The high moral burden of not providing what the patient needs
The majority of the cases described in our study concern the experienced dilemmas and underlying frustration of not delivering what seems to be in many cases very basic, and not exceptionally costly, treatment to the patient due to either lack of available treatment options or the family’s inability to pay. The majority report and describe this to happen often. In previously published papers from the same dataset, we present data showing that 29, 23 and 25% reported that they daily, weekly or monthly experienced situations where a patient suffered adverse consequences as a result of limited resources in the health care system. Among the consequences they have seen, 54% had encountered deaths, 19% acute life-threatening events, while 15% had encountered permanent or temporary disabilities that they attributed to scarcity of resources. Also, 36% on a daily and 23% on a weekly basis reported that they had been so troubled by limited resourses that they regreted their profession . Given the high volume of patients they see and their report of dilemmas related not providing what the patients need indicates that they experience a high moral burden of handling these cases. We did not ask specifically about their experiences of moral distress or stress symptoms, and can therefore not report on that. Though, our experiences from the field as physicians and teachers confirms what we find as the underlying vibe in our results – a great distress of not being the doctor you want to be, given the challenges you have to deal with. This should be an area of prioritized research, as more knowledge on health providers moral burden and moral distress is noeeded in order for lecturers, leaders and policymakers aiming at ensuring ethical sound decision making and decisions and at reducing conflicts and burnouts .
Adjustment of standards and negotiating in conflicts
Our participants reported that they struggled with accepting ethical opinions and decisions that diverged from their own, and many of them explained how they either had to adjust their own standards or convictions or act in ways that were contrary to what they considered to be right. This was most clearly seen in the narratives about how they agreed to lie or not tell the patient about their condition to protect the patient or the family, or how they handled situations when women asked for an abortion. In some of the descriptions about challenges related to abortion, the respondents report how their religious and personal convictions led them to believe that the act was ethically wrong, their concern for the women’s lives and the commitment to reducing maternal death made them do it. Also, other studies from countries where the abortion law is only slightly liberalized show how many providers are deeply against abortion, but still provide it to avoid greater harm . Studies among these providers have shown a considerable proportion of moral distress [10, 31]. In our material we also found that some resisted to perform abortion even if it was allowed, but they found ways to help the woman getting in contact with someone who could do it.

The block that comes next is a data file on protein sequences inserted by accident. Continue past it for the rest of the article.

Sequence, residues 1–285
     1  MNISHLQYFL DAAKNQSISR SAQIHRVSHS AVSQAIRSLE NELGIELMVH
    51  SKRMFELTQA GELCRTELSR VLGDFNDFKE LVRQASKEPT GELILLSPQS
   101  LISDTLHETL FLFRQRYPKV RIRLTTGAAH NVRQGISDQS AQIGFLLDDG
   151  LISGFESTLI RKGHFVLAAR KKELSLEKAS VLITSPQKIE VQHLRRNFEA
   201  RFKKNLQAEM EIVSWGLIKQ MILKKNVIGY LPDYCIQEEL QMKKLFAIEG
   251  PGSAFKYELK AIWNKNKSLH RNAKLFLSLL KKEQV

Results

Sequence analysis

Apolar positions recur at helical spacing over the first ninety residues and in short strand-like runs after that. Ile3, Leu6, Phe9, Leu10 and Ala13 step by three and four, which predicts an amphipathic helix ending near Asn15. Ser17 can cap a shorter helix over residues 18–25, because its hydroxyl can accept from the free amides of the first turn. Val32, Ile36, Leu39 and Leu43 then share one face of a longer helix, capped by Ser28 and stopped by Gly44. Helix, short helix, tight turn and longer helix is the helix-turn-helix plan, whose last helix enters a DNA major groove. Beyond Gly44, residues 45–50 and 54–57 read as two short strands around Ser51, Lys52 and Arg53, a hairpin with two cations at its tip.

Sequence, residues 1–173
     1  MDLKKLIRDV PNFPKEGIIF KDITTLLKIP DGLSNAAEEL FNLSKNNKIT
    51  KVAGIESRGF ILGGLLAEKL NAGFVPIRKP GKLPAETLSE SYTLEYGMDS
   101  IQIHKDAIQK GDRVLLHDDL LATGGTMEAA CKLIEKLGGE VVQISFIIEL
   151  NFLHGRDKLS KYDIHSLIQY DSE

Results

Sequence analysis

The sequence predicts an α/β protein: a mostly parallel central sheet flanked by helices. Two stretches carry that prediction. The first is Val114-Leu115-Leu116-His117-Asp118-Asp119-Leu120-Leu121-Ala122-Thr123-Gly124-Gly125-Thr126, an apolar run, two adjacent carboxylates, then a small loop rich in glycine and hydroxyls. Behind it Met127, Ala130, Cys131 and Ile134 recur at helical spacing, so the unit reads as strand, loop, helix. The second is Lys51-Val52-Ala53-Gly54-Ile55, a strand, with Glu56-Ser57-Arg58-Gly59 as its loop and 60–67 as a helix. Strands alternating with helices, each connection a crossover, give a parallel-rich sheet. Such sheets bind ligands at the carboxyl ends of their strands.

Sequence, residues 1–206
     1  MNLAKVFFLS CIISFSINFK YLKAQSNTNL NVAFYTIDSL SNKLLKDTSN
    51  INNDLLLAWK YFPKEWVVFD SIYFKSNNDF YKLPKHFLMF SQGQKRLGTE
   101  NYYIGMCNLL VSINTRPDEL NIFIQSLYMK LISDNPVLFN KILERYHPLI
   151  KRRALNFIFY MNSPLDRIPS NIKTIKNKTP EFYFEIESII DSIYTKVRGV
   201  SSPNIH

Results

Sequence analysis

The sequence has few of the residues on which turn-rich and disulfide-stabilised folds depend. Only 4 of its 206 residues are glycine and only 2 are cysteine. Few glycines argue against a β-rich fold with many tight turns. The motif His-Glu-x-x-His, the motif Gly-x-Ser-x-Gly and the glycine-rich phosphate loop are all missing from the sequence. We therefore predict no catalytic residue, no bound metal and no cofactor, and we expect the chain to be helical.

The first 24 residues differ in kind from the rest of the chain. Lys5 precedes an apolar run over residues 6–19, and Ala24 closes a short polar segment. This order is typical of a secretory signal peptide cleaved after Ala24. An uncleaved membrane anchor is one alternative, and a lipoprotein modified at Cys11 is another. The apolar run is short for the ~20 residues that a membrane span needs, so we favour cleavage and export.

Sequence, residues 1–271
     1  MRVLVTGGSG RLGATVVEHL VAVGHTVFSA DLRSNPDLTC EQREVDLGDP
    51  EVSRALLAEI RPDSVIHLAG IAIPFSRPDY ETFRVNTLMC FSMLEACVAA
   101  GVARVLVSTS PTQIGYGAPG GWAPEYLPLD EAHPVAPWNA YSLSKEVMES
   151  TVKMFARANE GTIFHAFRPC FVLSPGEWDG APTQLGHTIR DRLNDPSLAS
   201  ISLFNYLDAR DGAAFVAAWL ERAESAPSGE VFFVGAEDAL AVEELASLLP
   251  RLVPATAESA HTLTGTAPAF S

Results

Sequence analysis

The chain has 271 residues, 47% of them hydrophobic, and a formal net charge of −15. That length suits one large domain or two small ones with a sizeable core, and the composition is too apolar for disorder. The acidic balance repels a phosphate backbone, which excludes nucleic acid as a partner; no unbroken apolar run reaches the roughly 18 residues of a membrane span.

The participants were challenged in handling patients and making decisions when the patient or the family had a different cultural, religious or socio-economical background. In the quotes where the physicians write about how they are asked to allow use of holy water, herbs or taking the patient to priests, they describe how they struggle between respecting the patient or family, but at the same time ensuring what is best for the patient. While many of them explained how they tried to adjust to what the family wanted or negotiate to a certain extent to prohibit harm, several also referred to their impotence in decisions concerning influence on the final outcome. In a country without a proper welfare state that can take care of children or others in case the family cannot, and without protection laws for children and other vulnerable populations, the providers have fewer options to go against the family will.
Professionalism, lack of standards and support
Witnessing unethical behavior among colleagues or self-reflection on personally performing unethical behavior was frequently reported. In the quotes, several questioned the ethical standards among their colleagues and in Ethiopian health care, and many underlined that they have neither training in how to handle these situations nor someone to ask for support. In a previous study, we found that they have few or no ethical guidelines . They work in a setting with few health workers and an overload of patients. Time for reflection, team discussions and colleague support are minimal. Our participants saw many patients every day, and many explain how they were stretched beyond their limits both in the number of patients they were required to treat, procedures they are trained to perform or roles they are supposed to fill. Several of them asked for guidelines or questioned the legal regulations that were not entirely in line with the contemporary situation. This became particularly evident in the cases described on ventilation of brain-dead patients or in the examples where parents withdrew children from treatment that was expected to be beneficial.
The overall picture we see in our material is the grave resource scarcity that influence the physicians in numerous ways and enforce them into ethically challenging situations and dilemmas. While training, guidelines and support might prepare and strengthen them in their decision-making and professionalism, without more resources to provide essential, quality care for their patients, financial risk protection for families experiencing health issues and more trained staff, it is almost impossible to imagine change in the dilemmatic situation. Ethiopia is doing many efforts to improve the health care system, hopefully leading to better health and less poverty among the population, and better working conditions for health workers.
Strengths and limitations